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Classic MDS (cMDS or PCoA) preserves global distances, characteristic of linear techniques. However, metric MDS seeks to minimize a cost function (stress), while non-metric MDS (nMDS) preserves only the ranking of dissimilarities between points. It seems to me these techniques produce a kind of embedding, which would be nonlinear, but both cMDS and nMDS are listed as linear techniques in this article. Conversely, Wikipedia describes MDS in general as a form of nonlinear dimensionality reduction.

It is possible to use a nonlinear kernel in MDS to preserve smaller distances, as in the case of a Sammon mapping. This is definitely a nonlinear technique.

So: are multidimensional scaling and its variants considered linear or nonlinear dimensionality reduction techniques, and why?

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  • $\begingroup$ "but both cMDS and nMDS are listed as linear techniques in this article" -- where exactly? $\endgroup$
    – amoeba
    Jul 30, 2019 at 11:05
  • $\begingroup$ It clearly lists nMDS as nonlinear in "Tip 1". $\endgroup$
    – amoeba
    Jul 30, 2019 at 11:06
  • $\begingroup$ The article itself seems to be contradictory. NMDS is not classified as nonlinear in table 1 in the same paper. $\endgroup$
    – sara-es
    Jul 31, 2019 at 13:22
  • $\begingroup$ Oh I see. So it's just an unfortunate typo in the Table 1. $\endgroup$
    – amoeba
    Jul 31, 2019 at 13:33
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    $\begingroup$ I might write-up a proper answer later, but I wouldn't call t-SNE/nMDS/etc "nonlinear", I think it's sloppy. They should rather be called "nonparametric". See here stats.stackexchange.com/questions/142960 about this distinction. cMDS is called "linear" because it's equivalent to PCA but it's actually an abuse of terminology. $\endgroup$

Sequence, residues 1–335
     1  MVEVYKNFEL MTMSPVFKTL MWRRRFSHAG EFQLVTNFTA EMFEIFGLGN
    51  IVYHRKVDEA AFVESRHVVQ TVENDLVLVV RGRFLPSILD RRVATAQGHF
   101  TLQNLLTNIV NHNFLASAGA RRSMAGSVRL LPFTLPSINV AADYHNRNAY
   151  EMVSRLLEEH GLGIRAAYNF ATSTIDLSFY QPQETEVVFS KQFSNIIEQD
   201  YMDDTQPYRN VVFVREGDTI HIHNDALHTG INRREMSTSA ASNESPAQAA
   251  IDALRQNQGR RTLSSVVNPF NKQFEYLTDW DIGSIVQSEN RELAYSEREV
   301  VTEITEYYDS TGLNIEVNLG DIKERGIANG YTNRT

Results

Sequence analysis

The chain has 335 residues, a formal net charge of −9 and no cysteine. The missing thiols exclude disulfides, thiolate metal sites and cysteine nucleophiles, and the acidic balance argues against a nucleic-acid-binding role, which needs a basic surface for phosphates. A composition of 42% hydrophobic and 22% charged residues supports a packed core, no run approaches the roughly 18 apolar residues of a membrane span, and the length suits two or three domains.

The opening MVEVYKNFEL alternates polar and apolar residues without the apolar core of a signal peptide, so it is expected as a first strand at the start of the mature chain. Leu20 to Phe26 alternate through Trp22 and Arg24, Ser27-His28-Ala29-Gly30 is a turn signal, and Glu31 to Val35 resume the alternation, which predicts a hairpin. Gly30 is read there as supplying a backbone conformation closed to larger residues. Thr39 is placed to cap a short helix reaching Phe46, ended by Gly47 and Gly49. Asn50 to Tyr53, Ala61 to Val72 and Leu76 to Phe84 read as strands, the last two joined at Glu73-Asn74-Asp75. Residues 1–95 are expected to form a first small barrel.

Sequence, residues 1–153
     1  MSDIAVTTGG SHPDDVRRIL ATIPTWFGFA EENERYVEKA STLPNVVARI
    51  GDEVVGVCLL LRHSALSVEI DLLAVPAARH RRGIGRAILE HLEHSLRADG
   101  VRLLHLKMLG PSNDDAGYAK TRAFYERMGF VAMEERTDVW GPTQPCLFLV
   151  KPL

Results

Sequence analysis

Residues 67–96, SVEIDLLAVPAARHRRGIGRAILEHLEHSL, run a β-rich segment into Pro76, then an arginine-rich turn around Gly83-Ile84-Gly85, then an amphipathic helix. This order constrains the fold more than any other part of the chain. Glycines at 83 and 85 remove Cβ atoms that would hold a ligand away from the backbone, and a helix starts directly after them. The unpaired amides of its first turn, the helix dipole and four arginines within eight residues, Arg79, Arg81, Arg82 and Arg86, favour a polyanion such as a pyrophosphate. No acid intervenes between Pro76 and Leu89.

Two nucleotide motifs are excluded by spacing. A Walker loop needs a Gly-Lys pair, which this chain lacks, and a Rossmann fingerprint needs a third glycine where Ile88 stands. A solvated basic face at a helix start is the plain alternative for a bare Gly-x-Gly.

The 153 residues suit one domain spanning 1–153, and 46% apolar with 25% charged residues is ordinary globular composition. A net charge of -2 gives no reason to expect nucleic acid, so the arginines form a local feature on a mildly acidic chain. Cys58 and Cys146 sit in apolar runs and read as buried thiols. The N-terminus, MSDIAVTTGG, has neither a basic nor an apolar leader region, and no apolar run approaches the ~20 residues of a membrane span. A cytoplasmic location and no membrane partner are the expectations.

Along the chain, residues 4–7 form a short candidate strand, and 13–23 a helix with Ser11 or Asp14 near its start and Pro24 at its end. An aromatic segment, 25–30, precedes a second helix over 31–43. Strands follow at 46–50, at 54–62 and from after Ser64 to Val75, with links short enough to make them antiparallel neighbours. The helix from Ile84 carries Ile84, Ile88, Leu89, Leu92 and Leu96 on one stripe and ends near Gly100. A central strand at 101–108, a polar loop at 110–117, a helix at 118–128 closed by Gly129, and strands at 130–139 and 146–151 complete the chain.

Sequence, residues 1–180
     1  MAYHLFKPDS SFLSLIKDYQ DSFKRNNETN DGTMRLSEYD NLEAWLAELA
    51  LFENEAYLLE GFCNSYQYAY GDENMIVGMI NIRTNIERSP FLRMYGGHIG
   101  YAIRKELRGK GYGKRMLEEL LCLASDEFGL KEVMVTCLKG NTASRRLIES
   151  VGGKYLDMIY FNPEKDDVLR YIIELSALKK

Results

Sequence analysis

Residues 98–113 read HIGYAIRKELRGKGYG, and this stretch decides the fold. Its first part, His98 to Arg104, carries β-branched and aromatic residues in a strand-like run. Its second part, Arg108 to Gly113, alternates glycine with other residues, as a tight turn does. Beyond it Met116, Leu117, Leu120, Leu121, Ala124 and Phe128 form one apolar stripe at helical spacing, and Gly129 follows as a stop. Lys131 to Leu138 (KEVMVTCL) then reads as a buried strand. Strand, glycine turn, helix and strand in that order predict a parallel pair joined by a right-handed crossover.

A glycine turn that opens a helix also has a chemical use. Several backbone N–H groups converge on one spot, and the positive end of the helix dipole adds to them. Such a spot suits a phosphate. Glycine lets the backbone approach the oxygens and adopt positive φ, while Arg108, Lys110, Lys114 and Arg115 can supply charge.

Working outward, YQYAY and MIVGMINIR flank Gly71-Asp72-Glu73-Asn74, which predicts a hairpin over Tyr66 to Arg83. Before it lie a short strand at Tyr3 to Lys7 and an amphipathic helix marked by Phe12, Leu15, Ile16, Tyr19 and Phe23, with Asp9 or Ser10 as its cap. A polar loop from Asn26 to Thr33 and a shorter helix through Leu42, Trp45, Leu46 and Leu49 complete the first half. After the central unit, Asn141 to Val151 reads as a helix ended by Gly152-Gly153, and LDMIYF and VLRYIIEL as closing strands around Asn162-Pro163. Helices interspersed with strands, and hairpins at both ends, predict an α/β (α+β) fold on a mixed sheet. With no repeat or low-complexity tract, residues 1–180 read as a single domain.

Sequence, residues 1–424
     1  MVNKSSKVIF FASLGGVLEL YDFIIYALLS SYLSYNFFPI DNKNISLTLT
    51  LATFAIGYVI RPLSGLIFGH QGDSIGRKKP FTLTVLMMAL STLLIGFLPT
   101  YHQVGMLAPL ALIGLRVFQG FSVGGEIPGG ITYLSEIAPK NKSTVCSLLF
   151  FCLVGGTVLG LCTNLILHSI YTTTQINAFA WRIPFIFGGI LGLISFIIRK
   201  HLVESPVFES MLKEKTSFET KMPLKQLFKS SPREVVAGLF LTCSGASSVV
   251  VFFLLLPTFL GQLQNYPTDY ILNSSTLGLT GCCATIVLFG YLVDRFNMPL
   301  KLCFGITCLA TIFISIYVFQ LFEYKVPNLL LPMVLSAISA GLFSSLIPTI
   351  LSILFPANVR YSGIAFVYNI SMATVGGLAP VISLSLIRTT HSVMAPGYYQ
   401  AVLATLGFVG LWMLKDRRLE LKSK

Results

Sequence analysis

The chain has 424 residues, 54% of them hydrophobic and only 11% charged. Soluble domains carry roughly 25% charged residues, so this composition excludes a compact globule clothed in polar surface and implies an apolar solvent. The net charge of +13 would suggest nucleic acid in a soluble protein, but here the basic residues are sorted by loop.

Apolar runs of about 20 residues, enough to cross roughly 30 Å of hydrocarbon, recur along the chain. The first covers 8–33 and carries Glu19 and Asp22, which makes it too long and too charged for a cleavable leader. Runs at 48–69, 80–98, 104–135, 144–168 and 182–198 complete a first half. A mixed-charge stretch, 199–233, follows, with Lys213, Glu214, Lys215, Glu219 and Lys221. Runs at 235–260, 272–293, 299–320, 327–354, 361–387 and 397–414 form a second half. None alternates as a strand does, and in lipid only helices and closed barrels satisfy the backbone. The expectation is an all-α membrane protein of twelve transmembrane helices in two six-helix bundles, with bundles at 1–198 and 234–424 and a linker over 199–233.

– amoeba
    Jul 31, 2019 at 13:39

2 Answers 2

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According to the information I know, I think Metric-MDS just construct the distance matrix by using Euclidian distance, which is a linear transformation. But Non-Metric-MDS redefines the distance between the data using rank order of distances, which is a nonlinear transformation.

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Classic MDS is a linear dimensionality reduction technique. One may confirm its linearity by finding a transformation matrix $\mathbf W \in \mathbb R^{d \times d'}$ such that $\mathbf Z = \mathbf W^\top \mathbf X$, where $\mathbf X \in \mathbb R^{d \times m}$ is the collection of samples in original space, and $\mathbf Z$ the samples in reduced space.

Let the inner product matrix $\mathbf B = \mathbf X^\top \mathbf X = \mathbf V\boldsymbol\Lambda\mathbf V^\top$. By classic MDS, one may find $\mathbf Z = \boldsymbol\Lambda_\ast^{1/2}\mathbf V_\ast^\top \in \mathbb R^{d^\ast \times m}$, where $\boldsymbol\Lambda_\ast$ is a diagonal matrix containing $d^\ast$ largest (positive) eigenvalues of $\mathbf B$ and corresponding eigenvector matrix $\mathbf V_\ast$. In addition, let $\mathbf U\tilde{\boldsymbol\Lambda}\mathbf U^\top$ be the eigenvalue decomposition of $\mathbf X\mathbf X^\top$. One is able to show that $\mathbf X^\top\mathbf X$ and $\mathbf X\mathbf X^\top$ share the same nonzero eigenvalues, and that for any nonzero eigenvalue, the corresponding eigenvectors of the two matrices satisfy $\boldsymbol v = C X^\top\boldsymbol u$, where $C$ is an arbitrary constant. Therefore, $\mathbf Z$ can be written as $\boldsymbol\Lambda_\ast^{1/2}\mathbf C^\top\mathbf U_\ast^\top \mathbf X$, where $\mathbf C$ is an arbitrary diagonal matrix. This way, the transformation matrix $\mathbf W = \mathbf U_\ast\mathbf C\boldsymbol\Lambda_\ast^{1/2}$.

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